Tuesday, January 13, 2015

Frederic or Frederick?

It has long made me curious and kicked up lots of arguments about how Fred. Hylands' first name was actually spelled, as in The Phonoscope it's spelled "Frederic", but on all the census records and virtually everything else that has been documented on him, it's spelled "Frederick". So it could just be a typical census mistake that they don't spell his name correctly, because who knows, his wife Maria and his Father could only have been home when the census taker came to their door(it's likely that this is the case). Here's some picture  to show the confusion here:
(from the July 1898 issue of The Phonoscope)
his name spelled "Frederic" 

(1900 census)
According to this, he lived with his father Charles, who was still at this time a Railroad engineer, and his British wife Maria who was an actress. His name is spelled "Frederick" here. Interesting mix if ya ask me...
(1910 census) 
he lived alone in 1910, as a free boarder in a boardinghouse full of eccentric theatre people, but he's the only musician of out the heap.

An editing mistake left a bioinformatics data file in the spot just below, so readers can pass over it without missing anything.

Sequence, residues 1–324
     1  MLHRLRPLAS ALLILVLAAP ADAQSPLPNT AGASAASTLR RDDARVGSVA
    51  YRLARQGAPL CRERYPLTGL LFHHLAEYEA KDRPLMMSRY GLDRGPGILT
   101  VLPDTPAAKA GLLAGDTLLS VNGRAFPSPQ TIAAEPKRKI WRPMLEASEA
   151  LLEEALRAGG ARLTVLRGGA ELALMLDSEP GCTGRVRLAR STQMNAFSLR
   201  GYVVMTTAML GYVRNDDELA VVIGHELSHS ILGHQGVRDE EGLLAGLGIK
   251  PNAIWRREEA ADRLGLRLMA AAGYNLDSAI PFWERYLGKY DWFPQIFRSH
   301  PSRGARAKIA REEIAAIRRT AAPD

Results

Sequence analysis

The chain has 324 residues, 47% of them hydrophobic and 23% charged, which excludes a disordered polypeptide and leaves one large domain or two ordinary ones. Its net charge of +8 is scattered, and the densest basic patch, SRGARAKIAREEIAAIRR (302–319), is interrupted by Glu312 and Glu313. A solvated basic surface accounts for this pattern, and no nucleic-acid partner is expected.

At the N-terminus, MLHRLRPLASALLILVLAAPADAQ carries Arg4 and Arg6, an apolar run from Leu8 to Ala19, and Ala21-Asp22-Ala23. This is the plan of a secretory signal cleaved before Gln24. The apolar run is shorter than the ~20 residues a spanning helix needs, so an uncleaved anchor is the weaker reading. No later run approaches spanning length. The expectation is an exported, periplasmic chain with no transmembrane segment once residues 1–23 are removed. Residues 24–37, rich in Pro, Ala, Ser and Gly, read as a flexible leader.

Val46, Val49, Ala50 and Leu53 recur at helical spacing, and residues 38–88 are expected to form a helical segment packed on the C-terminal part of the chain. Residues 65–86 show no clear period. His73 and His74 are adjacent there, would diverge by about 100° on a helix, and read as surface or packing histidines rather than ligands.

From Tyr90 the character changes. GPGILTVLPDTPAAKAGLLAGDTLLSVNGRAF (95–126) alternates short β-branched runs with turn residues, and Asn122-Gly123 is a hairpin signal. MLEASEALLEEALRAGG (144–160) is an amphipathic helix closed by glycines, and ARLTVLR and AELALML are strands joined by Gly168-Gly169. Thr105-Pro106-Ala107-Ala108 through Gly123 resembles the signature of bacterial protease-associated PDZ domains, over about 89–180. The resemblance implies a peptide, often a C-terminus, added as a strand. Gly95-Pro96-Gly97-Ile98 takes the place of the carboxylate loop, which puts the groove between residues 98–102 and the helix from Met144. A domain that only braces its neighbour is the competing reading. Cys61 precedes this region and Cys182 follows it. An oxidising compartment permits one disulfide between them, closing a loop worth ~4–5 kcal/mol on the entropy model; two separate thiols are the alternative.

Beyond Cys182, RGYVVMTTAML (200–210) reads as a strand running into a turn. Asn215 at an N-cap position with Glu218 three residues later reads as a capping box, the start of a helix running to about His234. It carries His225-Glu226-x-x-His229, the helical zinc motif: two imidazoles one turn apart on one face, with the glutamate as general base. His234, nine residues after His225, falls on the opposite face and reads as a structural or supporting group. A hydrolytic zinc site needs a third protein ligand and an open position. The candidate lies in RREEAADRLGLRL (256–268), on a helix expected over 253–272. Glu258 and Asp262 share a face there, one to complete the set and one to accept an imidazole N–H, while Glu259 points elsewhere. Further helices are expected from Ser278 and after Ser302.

The only reason that this rather small thing has kicked up several arguments with me is because he seems to have more of an English background, which would fully apply to the "Frederick"spelling of his name, but his own buddies in The Phonoscope have his name spelled as though it has more of a Germanic flair to it, rather than English. 
(From a piece of my own art work of Hylands)
I have the feeling that Hylands may be a bit German, was he looks slightly like W. H. Krell(composer of "Mississippi Rag", 1897) who was a solely German brass music man.
(W. H. Krell, the German brass boy of Chicago)

 And occasionally on some cylinders he's on(when the song is a waltz) he throws in some of the random "Viennese hesitation"in the waltz tempo, and for those of you who know what I mean here, you will find this very fascinating  to hear. Here is one example that you can clearly hear it: http://cylinders.library.ucsb.edu/mp3s/6000/6707/cusb-cyl6707d.mp3
really try to follow along with his tempo here, sounds a bit hesitant and broken, somewhat similar to the Viennese in the time period and decades before, as this song was from the 1870's.
Among the millions of things he must have picked up on his journeys around the country as a child and teenager, he may have heard this sort of thing as heard in the link above, as well as early styles of "Rags" as the word was reportedly used as early as the 1880's(in this context) in the area around Kansas city. 
"Frederic" Hylands must have been playing  at these early "Rag Times" at boardinghouses in the midwest as early as 1888 or 1890. It's very likely, and his advanced but rough touch on the piano, especially when it comes to Ragtime, proves this obscure point. 

I hope you all enjoy my "Rant" of some sort!

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